Impressively large and with horns for a nose, the prehistoric looking rhino is one of Africa’s most iconic animals.
Common Name – Rhinoceros
Scientific Name – Rhinocerotidae
Current IUCN Red List Status – Critically endangered or Near Threatened
Estimated no. of mature individuals – 21,000 white rhino and around 5,600 black rhino
Impressively large and with horns for a nose, these prehistoric looking creatures are one of the most iconic African animals. In fact, there are five species of rhino in the world, three in Asia and two species in Africa, all of which are endangered.
At the beginning of the last century there were about 500,000 rhino on earth, but as a result of trophy hunting and poaching for their valuable horn their numbers have dwindled to just a few thousand.
Black rhino vs White rhino
The two African species are the white or square lipped rhinoceros (Ceratotherium simum) and the black or hook-lipped rhinoceros (Diceros bicornis). Despite their huge size they eat only plants, which they pluck with their lips as they have no front teeth.
The biggest threat to rhinos in Africa today is the illegal trade in their horn. In some countries the horn is considered a status symbol or (erroneously) is highly prized for medicinal purposes. The fact that it is formed from keratin like our hair or fingernails and has been shown to have no medicinal value does not seem to influence the trade. The amazing work done by conservationists is having some success in protecting rhino in Africa, however it is a constant and very costly battle. It also takes its toll on the rangers who protect the rhino, as many have lost their lives in the line of duty.
The white or square lipped rhino are grey in colour like their cousins. The confusion may have come about due to the Dutch word for wide – wijd – or the Afrikaans word – wyd, which is pronounced vate. White rhino have a wide mouth and usually graze on grass, whilst their cousins the black rhino have a hooked lip and usually browse on leafy bushes. Being grazers white rhino are usually found in larger numbers out on the grassland and are more sociable, whereas black rhino tend to be more solitary.
There are two subspecies of white rhino: the northern and the southern. The northern white rhino is almost extinct, with just two animals left, both females, which live on the private Ol Pejeta Conservancy in Kenya and are guarded 24/7. The southern white rhino however has been a conservation success story. Due to the persistent efforts of conservationists the numbers of white rhino are now about 21,000 and increasing. Most are found in private reserves in South Africa, Namibia, Zimbabwe and Kenya.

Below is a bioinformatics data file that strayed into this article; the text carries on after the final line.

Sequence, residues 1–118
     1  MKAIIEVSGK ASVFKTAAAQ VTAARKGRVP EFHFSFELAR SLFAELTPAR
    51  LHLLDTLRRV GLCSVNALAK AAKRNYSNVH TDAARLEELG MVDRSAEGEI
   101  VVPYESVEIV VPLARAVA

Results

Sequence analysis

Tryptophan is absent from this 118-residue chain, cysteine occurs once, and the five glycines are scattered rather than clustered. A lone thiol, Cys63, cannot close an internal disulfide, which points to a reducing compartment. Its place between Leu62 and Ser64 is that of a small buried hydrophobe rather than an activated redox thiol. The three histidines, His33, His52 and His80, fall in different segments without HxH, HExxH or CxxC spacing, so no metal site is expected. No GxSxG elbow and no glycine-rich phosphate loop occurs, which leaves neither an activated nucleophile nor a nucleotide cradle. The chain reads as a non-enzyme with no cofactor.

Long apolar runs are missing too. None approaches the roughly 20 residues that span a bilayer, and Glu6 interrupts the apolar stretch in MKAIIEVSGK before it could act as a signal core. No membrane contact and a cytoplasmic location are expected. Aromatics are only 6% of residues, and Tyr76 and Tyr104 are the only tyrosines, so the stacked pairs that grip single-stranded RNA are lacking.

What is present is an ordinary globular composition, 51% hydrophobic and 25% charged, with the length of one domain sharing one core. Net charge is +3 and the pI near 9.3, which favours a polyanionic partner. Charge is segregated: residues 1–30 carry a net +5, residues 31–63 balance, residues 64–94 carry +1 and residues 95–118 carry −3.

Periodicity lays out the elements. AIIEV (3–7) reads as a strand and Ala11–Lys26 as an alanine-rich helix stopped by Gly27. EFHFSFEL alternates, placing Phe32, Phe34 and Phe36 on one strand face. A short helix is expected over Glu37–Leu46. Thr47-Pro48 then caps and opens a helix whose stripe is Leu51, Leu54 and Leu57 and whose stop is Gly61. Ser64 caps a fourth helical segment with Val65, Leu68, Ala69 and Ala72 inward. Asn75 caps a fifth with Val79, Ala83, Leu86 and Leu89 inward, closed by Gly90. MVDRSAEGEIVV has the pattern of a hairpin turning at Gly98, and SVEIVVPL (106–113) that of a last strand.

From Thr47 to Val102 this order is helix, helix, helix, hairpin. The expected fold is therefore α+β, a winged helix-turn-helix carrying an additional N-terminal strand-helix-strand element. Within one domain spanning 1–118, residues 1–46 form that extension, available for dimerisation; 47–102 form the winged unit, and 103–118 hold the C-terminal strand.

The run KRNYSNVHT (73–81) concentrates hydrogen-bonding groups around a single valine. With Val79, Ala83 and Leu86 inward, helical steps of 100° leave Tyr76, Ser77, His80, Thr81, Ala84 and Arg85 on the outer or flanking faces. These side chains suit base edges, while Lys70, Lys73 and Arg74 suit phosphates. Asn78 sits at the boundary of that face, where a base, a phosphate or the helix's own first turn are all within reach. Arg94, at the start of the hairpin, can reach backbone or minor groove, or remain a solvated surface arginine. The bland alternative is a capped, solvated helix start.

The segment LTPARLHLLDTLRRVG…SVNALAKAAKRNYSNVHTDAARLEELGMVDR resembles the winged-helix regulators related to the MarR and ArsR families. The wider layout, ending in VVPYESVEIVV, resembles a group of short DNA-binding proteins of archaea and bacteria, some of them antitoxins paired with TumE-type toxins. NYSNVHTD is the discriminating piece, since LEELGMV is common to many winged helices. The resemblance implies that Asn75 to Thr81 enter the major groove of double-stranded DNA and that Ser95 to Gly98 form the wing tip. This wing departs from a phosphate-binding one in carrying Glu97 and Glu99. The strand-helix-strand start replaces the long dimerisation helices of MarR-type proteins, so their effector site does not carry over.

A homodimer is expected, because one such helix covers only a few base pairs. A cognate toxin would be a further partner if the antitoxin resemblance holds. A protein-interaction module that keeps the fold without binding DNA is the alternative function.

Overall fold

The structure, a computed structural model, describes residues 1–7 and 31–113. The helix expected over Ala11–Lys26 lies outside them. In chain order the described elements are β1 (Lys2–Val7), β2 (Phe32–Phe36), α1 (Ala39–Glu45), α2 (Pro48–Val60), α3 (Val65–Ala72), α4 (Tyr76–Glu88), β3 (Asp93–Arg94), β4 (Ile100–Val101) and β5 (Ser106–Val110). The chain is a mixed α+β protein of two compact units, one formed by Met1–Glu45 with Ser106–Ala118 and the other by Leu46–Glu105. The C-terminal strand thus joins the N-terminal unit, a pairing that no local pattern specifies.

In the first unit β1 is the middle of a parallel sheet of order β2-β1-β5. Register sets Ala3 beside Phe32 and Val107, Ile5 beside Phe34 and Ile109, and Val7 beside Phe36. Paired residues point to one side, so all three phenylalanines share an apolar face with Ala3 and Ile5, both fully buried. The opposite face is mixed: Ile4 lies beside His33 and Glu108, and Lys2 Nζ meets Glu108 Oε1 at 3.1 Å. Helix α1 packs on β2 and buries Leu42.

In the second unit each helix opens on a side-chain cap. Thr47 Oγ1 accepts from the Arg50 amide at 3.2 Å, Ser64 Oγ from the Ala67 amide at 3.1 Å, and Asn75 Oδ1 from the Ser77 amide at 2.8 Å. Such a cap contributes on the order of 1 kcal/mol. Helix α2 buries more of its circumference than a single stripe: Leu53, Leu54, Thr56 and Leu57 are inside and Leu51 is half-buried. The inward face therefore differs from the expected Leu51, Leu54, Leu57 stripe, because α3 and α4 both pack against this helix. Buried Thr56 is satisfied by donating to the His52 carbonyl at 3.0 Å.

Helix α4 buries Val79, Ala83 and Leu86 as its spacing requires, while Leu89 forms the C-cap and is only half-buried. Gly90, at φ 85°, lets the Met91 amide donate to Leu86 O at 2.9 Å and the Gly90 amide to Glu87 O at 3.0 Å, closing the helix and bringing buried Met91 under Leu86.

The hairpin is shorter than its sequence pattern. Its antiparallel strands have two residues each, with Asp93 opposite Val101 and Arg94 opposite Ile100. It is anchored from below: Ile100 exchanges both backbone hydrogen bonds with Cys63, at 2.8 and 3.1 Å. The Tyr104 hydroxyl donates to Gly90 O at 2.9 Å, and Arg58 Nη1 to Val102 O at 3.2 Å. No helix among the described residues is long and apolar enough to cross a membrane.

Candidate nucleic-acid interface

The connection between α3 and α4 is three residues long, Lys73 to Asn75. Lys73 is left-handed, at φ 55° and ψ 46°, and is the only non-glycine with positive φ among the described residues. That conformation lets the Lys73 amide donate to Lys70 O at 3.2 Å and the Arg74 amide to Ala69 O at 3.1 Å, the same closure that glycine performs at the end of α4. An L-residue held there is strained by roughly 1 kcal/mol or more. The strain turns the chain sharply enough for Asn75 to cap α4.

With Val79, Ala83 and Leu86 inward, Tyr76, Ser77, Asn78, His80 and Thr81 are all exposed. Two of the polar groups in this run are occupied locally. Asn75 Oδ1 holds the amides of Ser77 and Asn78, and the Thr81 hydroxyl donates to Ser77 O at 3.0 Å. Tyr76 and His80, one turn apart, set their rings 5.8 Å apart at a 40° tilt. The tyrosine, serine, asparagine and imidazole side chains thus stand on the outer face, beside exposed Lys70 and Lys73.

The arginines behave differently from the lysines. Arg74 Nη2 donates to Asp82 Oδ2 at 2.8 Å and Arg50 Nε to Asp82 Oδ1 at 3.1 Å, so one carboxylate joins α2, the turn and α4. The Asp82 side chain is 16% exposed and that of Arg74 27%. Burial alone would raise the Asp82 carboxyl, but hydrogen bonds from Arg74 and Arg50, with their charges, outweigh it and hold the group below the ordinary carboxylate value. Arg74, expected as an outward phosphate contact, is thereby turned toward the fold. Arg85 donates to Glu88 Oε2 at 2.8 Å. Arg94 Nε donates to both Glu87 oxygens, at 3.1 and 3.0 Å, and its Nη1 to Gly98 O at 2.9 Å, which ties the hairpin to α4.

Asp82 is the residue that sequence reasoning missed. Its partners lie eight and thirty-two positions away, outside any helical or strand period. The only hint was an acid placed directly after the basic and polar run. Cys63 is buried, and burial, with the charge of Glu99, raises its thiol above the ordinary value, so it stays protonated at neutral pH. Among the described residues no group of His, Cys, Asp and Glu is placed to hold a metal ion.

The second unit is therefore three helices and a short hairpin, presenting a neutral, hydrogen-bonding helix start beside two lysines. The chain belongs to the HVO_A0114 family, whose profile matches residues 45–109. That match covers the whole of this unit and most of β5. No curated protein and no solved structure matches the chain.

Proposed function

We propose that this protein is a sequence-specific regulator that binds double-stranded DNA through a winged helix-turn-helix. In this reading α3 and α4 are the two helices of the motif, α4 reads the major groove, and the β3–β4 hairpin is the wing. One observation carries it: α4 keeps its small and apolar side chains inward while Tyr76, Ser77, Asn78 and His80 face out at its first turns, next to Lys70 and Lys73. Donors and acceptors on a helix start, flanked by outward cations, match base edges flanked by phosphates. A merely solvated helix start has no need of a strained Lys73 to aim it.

Black rhino are slightly smaller than their cousins. They are native to East and Southern Africa and live in a variety of habitats from forest and woodland to dry savannahs. However, they are critically endangered with only a few isolated small populations remaining in protected private reserves.
Best safaris to see rhino
South Africa’s Kruger National Park and surrounding private reserves are the best places to see both white and less frequently black rhino. In Namibia you can also see white rhino, and sometimes black rhino, in Etosha National Park. In East Africa, Tanzania is one of the best places to see rhino, particularly inside the famous Ngorongoro Crater which has a small population of black rhino. In Kenya white rhino can be seen quite easily in Lake Nakuru National Park. The private Ol Pejeta Conservancy on the Laikipia Plateau near Mount Kenya is a haven for rhino, with some southern white rhino (introduced from southern Africa), some black rhino as well as the world’s last two northern white rhino (both females).
Kruger and The Cape
Discover some of South Africa's best known attractions on this journey that begins with a big game safari in the world-renowned Sabi Sand and concludes in beautiful Cape Town.
Tanzania’s Northern Treasures
Experience three of Tanzania’s best known national parks and the country’s epic wildlife in Tarangire, Ngorongoro Crater and the celebrated Serengeti.
Timeless Deserts & Namib Wildlife
Discover the silent beauty of Sossusvlei, track Africa's last free-roaming rhino in Palmwag and go on safari in Etosha, Namibia's finest wildlife reserve.
Recommended places to see Rhino
Kicheche Laikipia is a small eco-camp set in shady indigenous forest in the Ol Pejeta Conservancy, with iconic Mount Kenya as a backdrop.
Makutsi Safari Springs
Family-owned and operated, Makutsi Safari Springs is a private reserve which has a very similar ecosystem to neighbouring Kruger National Park. This delightful property encompasses a number of
Sabi Sabi Earth Lodge
Sabi Sabi Earth Lodge has been described as the most environmentally sensitive luxury safari lodge in all of Africa.
Tintswalo Safari Lodge
Tintswalo Safari Lodge offers old-world elegance and an authentic safari experience in the beautiful Manyeleti Reserve.
Toka Leya Camp
Nestled on the banks of the iconic Zambezi River in the heart of Zambia’s scenic Mosi-oa-Tunya National Park, Toka Leya Camp is just 12km upstream from the awe-inspiring Victoria Falls.
- Rhinos are the second largest land animals after elephants
- White rhinos are the largest species and can weigh up to 3,500 kgs
- The word rhinoceros literally means “nose horn”
- Rhinos have only three toes on each foot (elephants and hippos have 4).
- Rhino horn is made of keratin, just like our finger nails
- Black rhinos and white rhinos are both dark grey or brown
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